Carney Column: Avalanche’s future appears bright after playoff run |

Carney Column: Avalanche’s future appears bright after playoff run

The disappointment and hurt might still sting for a large portion of the Colorado Avalanche’s fan base, but when taking a step back and looking at the bigger picture, the future of the Denver-based professional hockey club is incredibly bright.

Right away in Game 7 the Avalanche appeared overwhelmed by the big stage and the bright lights of the winner-take-all playoff matchup. The Avs looked tight and unsure of themselves, and that offsides call against captain Gabriel Landeskog surely didn’t help matters. Really, any team with just 14 shots on goal after two full periods of play doesn’t deserve to win, but the Avalanche regrouped in the third and made it a game. They just couldn’t find the equalizer late on the road.

Against the Sharks in Game 7, the Avalanche had an average age of 25 years, 7 months on the ice in the series-deciding game. That’s incredibly young for a team that was just one win away from reaching its first Western Conference semifinals since a loss to the Detroit Red Wings at the end of the 2001-02 season. For comparison’s sake, the Sharks sported a lineup with an average age of 29 years, 2 months. The Sharks are an aging lineup that has found itself in a Game 7 battle four times in the last four seasons, including a 7-game series in the first round against the Vegas Golden Knights.

The 3-2 loss is surely disappointing for a young group like the Avs, but the franchise mostly overachieved throughout the 2018-19 season, overcoming a number of injuries to reach the playoffs. With such a young roster, the arrow is clearly pointing skyward, thanks in part due to the development happening with the young guys under head coach Jared Bednar, and the shrewd acquisitions made by general manager Joe Sakic.

Colorado’s elite top line of Landeskog, Nathan MacKinnon, and Miko Rantanen are one of the youngest trio’s in the league as Landeskog is the elder statesman on the line at 26 years old. MacKinnon is just 23 years old and looks like the best offensive weapon in the game today, while Rantanen is just 22 years old and really grew into his game this season, giving the Avs three terrific scorers on the first line.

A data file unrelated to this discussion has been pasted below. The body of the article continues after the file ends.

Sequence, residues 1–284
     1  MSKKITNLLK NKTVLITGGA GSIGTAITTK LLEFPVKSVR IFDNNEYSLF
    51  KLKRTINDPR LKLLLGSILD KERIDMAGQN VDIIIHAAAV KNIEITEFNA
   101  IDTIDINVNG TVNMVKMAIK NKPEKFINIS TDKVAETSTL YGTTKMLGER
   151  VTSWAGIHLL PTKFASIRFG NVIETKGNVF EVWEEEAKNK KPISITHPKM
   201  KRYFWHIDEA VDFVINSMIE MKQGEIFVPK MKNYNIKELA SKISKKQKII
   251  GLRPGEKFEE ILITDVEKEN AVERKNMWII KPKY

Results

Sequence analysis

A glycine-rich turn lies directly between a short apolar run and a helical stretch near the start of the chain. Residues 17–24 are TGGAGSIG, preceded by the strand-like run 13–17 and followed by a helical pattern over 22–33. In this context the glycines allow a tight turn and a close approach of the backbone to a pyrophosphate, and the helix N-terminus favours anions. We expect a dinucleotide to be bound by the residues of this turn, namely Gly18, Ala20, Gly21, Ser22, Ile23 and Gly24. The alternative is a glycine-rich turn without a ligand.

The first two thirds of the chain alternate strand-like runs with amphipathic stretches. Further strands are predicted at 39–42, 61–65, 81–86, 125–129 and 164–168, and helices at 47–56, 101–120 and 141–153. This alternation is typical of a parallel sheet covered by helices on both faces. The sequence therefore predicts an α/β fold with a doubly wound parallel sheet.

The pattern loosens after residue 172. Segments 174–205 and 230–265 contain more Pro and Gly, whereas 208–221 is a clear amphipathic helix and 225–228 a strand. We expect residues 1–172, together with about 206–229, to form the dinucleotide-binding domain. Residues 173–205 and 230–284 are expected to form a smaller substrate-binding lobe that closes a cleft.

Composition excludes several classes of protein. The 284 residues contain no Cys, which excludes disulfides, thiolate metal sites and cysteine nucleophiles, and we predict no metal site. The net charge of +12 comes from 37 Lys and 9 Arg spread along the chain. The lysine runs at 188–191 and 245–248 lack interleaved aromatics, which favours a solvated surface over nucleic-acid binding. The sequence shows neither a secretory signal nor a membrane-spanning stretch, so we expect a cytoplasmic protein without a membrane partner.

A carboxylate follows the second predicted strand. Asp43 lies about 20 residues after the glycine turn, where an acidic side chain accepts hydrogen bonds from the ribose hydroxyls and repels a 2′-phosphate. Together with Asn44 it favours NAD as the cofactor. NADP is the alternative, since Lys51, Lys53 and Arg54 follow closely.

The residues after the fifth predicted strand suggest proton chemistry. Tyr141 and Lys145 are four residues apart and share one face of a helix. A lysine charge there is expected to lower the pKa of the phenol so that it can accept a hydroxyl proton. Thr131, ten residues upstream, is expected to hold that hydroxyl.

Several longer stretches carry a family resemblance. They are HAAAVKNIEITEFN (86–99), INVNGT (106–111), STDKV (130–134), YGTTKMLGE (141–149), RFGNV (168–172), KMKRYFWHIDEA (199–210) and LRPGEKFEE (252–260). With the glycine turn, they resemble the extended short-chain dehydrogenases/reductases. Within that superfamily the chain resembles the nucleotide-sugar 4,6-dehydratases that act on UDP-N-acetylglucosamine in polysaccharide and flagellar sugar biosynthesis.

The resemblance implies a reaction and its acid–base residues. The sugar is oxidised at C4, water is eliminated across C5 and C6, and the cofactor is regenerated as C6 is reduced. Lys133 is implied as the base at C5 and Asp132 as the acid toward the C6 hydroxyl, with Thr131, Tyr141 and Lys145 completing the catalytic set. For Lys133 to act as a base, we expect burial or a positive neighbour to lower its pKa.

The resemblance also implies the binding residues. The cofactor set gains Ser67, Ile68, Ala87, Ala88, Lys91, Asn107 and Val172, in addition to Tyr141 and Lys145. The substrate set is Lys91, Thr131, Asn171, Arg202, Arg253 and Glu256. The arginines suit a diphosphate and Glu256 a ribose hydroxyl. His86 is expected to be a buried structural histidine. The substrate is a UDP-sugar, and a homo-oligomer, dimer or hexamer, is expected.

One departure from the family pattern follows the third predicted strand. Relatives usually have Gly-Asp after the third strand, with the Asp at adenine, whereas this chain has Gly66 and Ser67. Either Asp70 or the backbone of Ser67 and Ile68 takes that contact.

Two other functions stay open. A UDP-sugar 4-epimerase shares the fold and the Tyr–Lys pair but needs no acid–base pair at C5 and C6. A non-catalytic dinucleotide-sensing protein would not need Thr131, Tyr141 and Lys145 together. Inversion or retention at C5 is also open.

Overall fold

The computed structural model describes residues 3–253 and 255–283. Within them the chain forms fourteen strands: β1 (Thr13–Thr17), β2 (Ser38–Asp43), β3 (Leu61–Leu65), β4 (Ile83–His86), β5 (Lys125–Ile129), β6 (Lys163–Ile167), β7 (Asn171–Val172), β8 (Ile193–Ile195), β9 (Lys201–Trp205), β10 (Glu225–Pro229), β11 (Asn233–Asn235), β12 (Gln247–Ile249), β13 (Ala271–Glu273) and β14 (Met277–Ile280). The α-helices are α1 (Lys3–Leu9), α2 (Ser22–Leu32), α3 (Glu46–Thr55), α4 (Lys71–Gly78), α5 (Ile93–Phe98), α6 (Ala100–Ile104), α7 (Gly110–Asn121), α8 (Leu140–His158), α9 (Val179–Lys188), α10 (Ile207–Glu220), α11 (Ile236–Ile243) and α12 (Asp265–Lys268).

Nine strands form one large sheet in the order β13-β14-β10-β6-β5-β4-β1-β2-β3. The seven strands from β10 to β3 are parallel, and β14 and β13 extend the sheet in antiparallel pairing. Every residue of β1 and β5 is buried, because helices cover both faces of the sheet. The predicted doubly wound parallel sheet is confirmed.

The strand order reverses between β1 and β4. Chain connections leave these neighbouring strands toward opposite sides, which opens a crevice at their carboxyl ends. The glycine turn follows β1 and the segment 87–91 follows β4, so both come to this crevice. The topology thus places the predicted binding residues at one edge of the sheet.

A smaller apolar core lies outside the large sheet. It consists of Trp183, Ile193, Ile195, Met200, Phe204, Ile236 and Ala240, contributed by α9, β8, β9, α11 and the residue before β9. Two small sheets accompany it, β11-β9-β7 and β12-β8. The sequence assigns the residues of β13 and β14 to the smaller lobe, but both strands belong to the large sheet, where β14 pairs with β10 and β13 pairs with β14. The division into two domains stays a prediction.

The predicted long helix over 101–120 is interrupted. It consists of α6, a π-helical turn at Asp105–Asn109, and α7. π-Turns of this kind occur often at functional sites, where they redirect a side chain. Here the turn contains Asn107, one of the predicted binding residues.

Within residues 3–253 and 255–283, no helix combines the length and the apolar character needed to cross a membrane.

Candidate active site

Behind that trio, the Avs dont’ have a ton to work with, but 20-year-old Tyson Jost showed quite a bit as a possible second-line center, scoring 3 playoff goals. JT Compher is just 23 years old and put up 6 points (4 goals) in 12 playoff games, while Matt Nieto is just 26 years old and scored 4 playoff goals in 12 games. Behind those young guys, the Avs have a plethora of young offensive weapons on the way, highlighted by 19-year-old winger Martin Kauth, 20-year-old center Shane Bowers — who was acquired as part of the Matt Duchene trade, and 21-year-old Vladislav Kamenev, who played in 23 games with the Avs this season, recording 5 points (2 goals, 3 assists) in an average of roughly 8 minutes on the ice per game.

Up front, the Avs are loaded now, and into the future. The same can be said on the blue line and in goal.

Cale Makar made his debut at 20 years old in the playoffs this spring and looked extremely comfortable right away. He’s going to be a dynamic two-way force for years to come, hopefully with the Avs long-term. Along with Makar, 20-year-old Samuel Girard is a strong two-way presence, while 27-year-old Tyson Barrie possesses a howitzer from the point that nobody wants to step in front of. Behind that trio, in a few years the Avs should add another high-ceiling talent in 19-year-old Conor Timmins, who could push Erik Johnson or Ian Cole out the door in a year or two.

Then, in goal the Avs have 21-year-old Adam Werner and 18-year-old Justus Annunen waiting in the wings to fill a backup role behind Philipp Grubauer, who is just 27 years old and looks like a future star in goal in this system.

With the way the roster is currently constructed, the Avs should be serious Stanley Cup contenders for years to come. That thought alone should be enough to soften the blow of the Game 7 loss.

Josh Carney is the sports editor of the Post Independent.

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